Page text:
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# Maths in Everyday Life

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• Published : March 26, 2012

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Mathematics in Everyday Life
How many times have you students asked "When are we ever going to use this in real life?" You'll find the answer here! Or
You may find yourself wondering what use we have for some of the knowledge we obtain from math class in school. It is sometimes difficult for students to appreciate the importance of Mathematics. They often find the subject boring and hard to understand. With this project we will hopefully help our students realize that Mathematics is not just a subject on their time-table but a tool they use in their everyday life. "Mathematics is one of the first things you learn in life. Even as a baby you learn to count. Starting from that tiny age you will start to learn how to use building blocks how to count and then move on to drawing objects and figures. Through the years, and probably through the centuries, teachers have struggled to make math meaningful by providing students with problems and examples demonstrating its applications in everyday life. Now, however, technology makes it possible for students to experience the value of math in daily life, instead of just reading about it. Math is everywhere and yet, we may not recognize it because it doesn't look like the math we did in school. Math in the world around us sometimes seems invisible. But math is present in our world all the time--in the workplace, in our homes, and in life in general. When you buy a car, follow a recipe, or decorate your home, you're using math principles. This presentation also, is prepared using the principles of math. Math applies to daily life, with sections on gambling odds, buying and leasing cars, population growth, decorating, and cooking. Most sections include hands-on activities. Formulas are a part of our lives. Whether we drive a car and need to calculate the distance, or need to work out the volume in a milk container, algebraic formulas are used every day without you even realizing it. Simply put, mathematics is about relationships. Mathematicians have developed a language of precise relationships, illustrated through their formulas and equations. We live in a world where so far, as we have observed, everything is related and everything is experienced as different. We can learn about relationships in our world by looking at mathematical relationships that seem to match the situation being explored. For instance there is a relationship between distance traveled, time of travel, and speed of travel. Mathematics provides a relatively simple equation: Distance traveled = average speed multiplied by time of travel In simpler mathematical terms, d = s x t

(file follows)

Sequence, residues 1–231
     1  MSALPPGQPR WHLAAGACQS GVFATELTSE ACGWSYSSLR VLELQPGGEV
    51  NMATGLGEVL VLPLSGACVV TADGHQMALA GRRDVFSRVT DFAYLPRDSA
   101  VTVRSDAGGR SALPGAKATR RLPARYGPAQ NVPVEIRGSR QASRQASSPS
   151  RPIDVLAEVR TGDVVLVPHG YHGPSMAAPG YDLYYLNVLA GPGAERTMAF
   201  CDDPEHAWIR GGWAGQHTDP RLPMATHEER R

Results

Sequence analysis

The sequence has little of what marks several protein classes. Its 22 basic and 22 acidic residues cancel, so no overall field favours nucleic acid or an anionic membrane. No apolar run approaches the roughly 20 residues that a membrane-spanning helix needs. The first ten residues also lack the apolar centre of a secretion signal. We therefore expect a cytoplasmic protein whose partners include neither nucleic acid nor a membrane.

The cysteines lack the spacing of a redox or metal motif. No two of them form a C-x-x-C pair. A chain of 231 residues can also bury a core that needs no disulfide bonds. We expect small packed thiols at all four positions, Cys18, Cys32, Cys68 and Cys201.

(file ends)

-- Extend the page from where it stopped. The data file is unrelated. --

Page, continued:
Math involves data analysis, number relationships and graphing, patterns and functions, statistics, and measurement. People who use math in their work, it doesn't occur that often that you'd need to calculate 7 x 7 x 7 x 7 or 0.1 x 0.1 x 0.1 x 0.1 x 0.1 or other such calculations. One example of how math do kind of connect with our everyday lives: when we speak about square feet, square meters, square inches, square miles, square kilometers or any other area units, or when we speak about cubic feet, cubic meters, cubic centimeters or any other such volume units. If you talk about SQUARE shaped areas, for example if you say "My room is twelve by twelve square", you're meaning your room is 12 feet x 12 feet, or 122 square feet. I believe one reason that mathematics is not more generally applied has to do with a tendency to ‘think’ of mathematics only in terms of numbers, precision, quantification, and so on. We forget that mathematics is also about relationships, relatedness, relationships between relationships, interconnections, dependency (functions), changing relationships (calculus), factors that constitute relationships (variables), structure (order, relationships), asymmetric relationships (order), (graphical, numerical, and other representations (mapping), increase and decrease (addition, subtraction , multiplication, division, etc.)...